When someone doesn’t drink enough water, they become dehydrated, making their mouth dry. Both drinks with caffeine and alcohol are especially dehydrating, which can become problematic if you drink them often and don’t drink enough water to keep your body hydrated.
A dry mouth can be caused by habits like smoking and breathing through the mouth. Some diseases and medicines can also cause dry mouth as a side effect.
What to Do
Drink a lot of water throughout the day to keep your body’s water level healthy. Chewing gum approved by the ADA and has no sugar can make your mouth more saliva.
Mouth breathing, drinking coffee or alcohol, smoking cigarettes, and doing other things like these can all cause dry mouth, which can be treated by trying to change or stop doing these things.
Talk to your primary care doctor and your dentist about making a treatment plan to deal with any side effects caused by the medicines you take or the health problems you have.
Your doctor might tell you to use an oral rinse or a medicine that helps your mouth make more saliva. If you have a dry mouth as a side effect of a medicine, you are taking. Your doctor may decide to change the amount you take.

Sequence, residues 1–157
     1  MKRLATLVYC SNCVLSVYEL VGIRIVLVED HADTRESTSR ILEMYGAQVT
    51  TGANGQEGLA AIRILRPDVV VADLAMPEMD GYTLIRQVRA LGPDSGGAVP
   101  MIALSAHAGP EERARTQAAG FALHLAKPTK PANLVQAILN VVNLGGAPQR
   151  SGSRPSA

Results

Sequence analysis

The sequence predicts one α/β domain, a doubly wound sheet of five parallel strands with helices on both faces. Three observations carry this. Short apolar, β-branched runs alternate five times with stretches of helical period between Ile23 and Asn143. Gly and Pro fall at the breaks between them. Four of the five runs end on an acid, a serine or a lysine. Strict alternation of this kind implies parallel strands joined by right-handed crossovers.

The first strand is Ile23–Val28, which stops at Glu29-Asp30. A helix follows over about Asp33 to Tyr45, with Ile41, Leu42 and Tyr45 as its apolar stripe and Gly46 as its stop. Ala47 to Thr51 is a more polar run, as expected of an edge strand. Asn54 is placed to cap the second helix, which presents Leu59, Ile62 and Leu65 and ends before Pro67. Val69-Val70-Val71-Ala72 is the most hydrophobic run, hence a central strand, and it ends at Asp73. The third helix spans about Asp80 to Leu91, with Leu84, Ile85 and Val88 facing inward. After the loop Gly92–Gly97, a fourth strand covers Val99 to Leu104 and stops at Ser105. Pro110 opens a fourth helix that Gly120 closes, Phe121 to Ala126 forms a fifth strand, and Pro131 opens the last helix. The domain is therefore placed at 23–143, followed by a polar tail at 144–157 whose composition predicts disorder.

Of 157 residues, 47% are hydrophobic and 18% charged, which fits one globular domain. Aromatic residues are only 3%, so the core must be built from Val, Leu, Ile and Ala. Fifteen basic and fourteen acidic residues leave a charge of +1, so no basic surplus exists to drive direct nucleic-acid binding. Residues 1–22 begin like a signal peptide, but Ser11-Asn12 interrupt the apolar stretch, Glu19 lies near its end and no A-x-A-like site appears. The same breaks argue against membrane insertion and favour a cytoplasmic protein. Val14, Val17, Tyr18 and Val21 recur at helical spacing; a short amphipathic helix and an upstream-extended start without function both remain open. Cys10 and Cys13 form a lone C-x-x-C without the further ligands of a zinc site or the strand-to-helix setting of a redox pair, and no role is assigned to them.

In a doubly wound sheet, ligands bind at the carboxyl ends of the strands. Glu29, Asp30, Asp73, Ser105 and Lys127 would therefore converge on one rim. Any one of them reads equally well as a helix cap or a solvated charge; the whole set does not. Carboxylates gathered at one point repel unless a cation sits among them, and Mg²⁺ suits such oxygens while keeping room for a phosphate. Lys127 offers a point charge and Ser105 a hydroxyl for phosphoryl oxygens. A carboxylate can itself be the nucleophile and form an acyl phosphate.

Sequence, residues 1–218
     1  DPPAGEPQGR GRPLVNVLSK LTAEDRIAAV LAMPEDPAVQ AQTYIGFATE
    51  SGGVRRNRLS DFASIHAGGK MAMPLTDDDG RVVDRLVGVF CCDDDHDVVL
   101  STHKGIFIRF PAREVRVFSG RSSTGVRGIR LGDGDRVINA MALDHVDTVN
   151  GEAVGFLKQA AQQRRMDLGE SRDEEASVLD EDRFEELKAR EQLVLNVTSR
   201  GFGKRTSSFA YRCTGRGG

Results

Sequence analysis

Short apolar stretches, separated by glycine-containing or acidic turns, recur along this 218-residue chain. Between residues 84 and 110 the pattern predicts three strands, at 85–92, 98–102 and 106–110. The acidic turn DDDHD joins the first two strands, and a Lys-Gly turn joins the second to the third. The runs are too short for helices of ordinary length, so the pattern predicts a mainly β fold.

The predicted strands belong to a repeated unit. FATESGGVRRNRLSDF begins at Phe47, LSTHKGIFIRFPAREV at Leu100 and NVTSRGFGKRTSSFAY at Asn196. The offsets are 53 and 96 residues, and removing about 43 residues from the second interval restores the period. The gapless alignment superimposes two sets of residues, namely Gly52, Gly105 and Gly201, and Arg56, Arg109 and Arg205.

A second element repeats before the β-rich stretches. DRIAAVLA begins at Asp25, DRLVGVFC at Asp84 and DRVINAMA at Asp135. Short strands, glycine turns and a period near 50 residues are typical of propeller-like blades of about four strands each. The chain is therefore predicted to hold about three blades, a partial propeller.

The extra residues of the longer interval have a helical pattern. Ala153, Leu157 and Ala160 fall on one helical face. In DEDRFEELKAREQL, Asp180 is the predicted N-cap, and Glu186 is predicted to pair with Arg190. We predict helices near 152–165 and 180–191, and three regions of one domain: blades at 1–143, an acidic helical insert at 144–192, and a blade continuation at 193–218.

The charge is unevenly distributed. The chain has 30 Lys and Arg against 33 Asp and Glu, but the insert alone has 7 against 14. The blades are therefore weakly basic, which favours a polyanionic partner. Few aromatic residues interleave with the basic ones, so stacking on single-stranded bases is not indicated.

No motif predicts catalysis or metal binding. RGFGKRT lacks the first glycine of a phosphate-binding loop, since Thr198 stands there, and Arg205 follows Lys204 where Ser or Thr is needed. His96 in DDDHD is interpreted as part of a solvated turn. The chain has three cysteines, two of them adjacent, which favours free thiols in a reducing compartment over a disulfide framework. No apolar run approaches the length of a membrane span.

Your dentist will keep a close eye on your oral health and how dry mouth affects it over time, and they will suggest ways to keep your teeth from getting cavities.
An Untreated Medical Disease or Disorder
When a disease or disorder is not treated, it can have effects beyond the part of the body that is directly affected by it.
Snoring and sleep apnea, for example, aren’t the only sleep disorders that can make it hard for you and your partner to get a good night’s sleep.
Both of these conditions make breathing hard for a person, so they keep taking harsh, drying breaths through their mouths while they sleep. This makes their mouths dry out.
Another problem that can happen when you sleep is bruxism, which is the habit of grinding your teeth. In the worst cases, teeth can be worn down so much that they are just stumps.
As teeth wear down, the protective enamel that covers them also wears away. This makes it more likely that tooth decay will happen.
What to Do
Get help from a doctor as soon as you can. If you know you have any of these problems, you should talk to your primary care doctor and your dentist. They will help you determine the best way to deal with or eliminate the condition’s symptoms and side effects.
People with sleep apnea, snoring, or bruxism may be given an oral device or bite splint to wear while sleeping to help ease the symptoms of these conditions.
Aside from not sleeping on your back, you can also start an exercise routine and avoid drinking alcohol within two hours of going to bed.